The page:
THE MOUNTAIN SPIRIT: (Laughing derisively in the distance.) Ho, ho! What's here? Ho, ho! What game is on?

Humans! Ho, ho! Men! Women! Decked

and gay.

A crowd such as the cities know, beneath My boughs, my pines, my green and lowvoiced pines

A crowd!

(Savagely) What do they here? Their faces

say,

"We wait." For what? What do they think
my pines

Will wisely utter to that waning moon,
Death-stricken on th' unruffled blue of day,
That they sit there with quiet eyes, and wait?
Oh, foolish humans! Though my pines cry
low

Ultimate wisdom, and my grasses cry
Secrets, and my undying rivulets
Murmur the hidden meanings of the worlds-
Why should they wait? (Scornfully) They
cannot understand.

(He leaps from the rock to the stage.) What's this? A raked and rolled and tended place

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VOICE OF FAUSTUS:

Is this the face that launched a thousand ships

And burned the topless towers of Ilion?
Helen, make me immortal with a kiss!

THE MOUNTAIN SPIRIT :

Oh, voice of summer noon, crying among Roses for one brighter than rose may be ! Voice, voice, whence didst thou steal such love?

My flow'rs cry so when heavily the air Hums in midsummer noons, and odor calls To odor, light to shadow, gold to green, Azure to scarlet, and the sun to all!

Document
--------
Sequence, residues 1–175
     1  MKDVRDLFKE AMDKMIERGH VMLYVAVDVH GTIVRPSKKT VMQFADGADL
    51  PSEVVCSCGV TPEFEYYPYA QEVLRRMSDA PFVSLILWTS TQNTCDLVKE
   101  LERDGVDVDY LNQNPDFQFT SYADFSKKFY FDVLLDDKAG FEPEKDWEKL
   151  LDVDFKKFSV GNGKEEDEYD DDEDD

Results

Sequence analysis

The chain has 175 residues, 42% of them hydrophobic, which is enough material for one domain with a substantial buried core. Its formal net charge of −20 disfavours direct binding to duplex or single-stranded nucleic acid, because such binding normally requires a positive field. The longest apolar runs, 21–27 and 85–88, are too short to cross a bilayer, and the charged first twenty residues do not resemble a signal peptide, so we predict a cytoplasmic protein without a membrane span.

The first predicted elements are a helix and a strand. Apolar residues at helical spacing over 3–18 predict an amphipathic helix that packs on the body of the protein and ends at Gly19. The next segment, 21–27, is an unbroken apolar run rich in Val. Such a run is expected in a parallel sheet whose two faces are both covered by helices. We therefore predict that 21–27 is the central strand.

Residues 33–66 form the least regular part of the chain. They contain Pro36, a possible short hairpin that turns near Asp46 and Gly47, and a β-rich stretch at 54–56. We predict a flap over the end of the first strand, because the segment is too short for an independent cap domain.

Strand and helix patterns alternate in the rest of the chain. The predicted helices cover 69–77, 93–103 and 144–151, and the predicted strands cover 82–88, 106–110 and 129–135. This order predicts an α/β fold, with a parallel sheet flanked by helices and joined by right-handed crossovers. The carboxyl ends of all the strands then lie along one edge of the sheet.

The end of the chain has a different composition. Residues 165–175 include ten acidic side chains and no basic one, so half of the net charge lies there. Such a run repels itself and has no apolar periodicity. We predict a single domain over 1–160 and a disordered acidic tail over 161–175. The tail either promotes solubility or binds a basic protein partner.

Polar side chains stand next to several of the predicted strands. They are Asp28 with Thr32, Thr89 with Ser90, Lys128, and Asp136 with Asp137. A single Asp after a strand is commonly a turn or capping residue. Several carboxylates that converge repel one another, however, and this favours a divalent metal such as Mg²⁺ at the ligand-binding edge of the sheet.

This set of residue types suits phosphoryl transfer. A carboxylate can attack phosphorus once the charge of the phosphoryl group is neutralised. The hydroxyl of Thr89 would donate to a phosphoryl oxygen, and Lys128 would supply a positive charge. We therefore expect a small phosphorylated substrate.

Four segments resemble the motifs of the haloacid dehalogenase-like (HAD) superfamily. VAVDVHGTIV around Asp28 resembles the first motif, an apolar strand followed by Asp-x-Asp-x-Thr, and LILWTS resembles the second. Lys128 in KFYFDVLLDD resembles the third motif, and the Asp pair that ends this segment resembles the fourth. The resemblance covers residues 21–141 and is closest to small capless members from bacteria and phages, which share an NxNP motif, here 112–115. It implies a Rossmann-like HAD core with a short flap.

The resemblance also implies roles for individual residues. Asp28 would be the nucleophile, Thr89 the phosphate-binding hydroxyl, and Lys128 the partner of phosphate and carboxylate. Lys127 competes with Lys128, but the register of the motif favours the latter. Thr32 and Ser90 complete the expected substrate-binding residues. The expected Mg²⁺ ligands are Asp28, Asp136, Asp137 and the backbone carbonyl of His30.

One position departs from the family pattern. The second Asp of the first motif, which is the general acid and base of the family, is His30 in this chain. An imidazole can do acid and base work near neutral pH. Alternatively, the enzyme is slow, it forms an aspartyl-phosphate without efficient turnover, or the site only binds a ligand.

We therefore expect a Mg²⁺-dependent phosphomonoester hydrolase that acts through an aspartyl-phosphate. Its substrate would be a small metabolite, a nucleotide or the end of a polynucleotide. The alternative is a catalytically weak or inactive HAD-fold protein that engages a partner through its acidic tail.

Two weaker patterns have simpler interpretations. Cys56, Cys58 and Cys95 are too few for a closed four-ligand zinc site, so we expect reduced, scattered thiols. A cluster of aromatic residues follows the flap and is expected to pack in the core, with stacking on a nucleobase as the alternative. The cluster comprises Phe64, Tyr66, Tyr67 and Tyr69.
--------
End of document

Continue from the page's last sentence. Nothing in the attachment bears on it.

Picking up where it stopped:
(He breaks from his trance and leaps on a boulder, peering to right and

left.)

Voice, voice! Where art thou? Brother voice, where art thou?

(He comes forward slowly. From another direction another voice is heard.)

VOICE OF OTHELLO:

It is the cause, it is the cause, my soul,—
Let me not name it to you, you chaste stars!—
It is the cause. Yet I'll not shed her blood;
Nor scar that whiter skin of hers than snow,
And smooth as monumental alabaster.

Yet she must die, else she'll betray more men.
Put out the light, and then-put out the light:
If I quench thee, thou flaming minister,
I can again thy former light restore
Should I repent me; but once put out thy light,
Thou cunning'st pattern of excelling nature,
I know not where is that Promethean heat
That can thy light relume. When I have
plucked thy rose,

I cannot give it vital growth again,

It needs must wither: I'll smell it on the tree. Oh, balmy breath, that dost almost persuade Justice to break her sword! One more, one

more.

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THE MOUNTAIN SPIRIT :

Voice of my winter angers and despairs!
I did not know that man could speak in
tempest

And cry in wild and unavailing storm.
Ye voices, voices ! Kindred of my being!

I claim this plot of earth as mine alone
No more. Come, we will share it, you and I!
I and my pines shall watch about you here.
(Pause. Then beseechingly.)
Voices, return! Voices of love and pain!
Voices, return!
Voices, return!

Anger, despair, remorse! Voices of mirth and peace! (Dance music is faintly heard, growing louder.)

Music! And footsteps! Hark, my pines, they come !

Be thus when thou art dead, and I will kill My poplar leaves with sunlight on the gray, thee, Dancing they come! Hail, children of my mirth!

And love thee after.

THE MOUNTAIN SPIRIT:

Oh, voice of night, when moon and stars are dark!

I have cried thus among the tumbled crags And treeless peaks. I did not know that man

(He darts toward the rear. As he cries, he darts deeper into the woods, crying the last words after he has disappeared in the thicket.)

The dancing feet! Hail, hail! They come ! Hail, hail!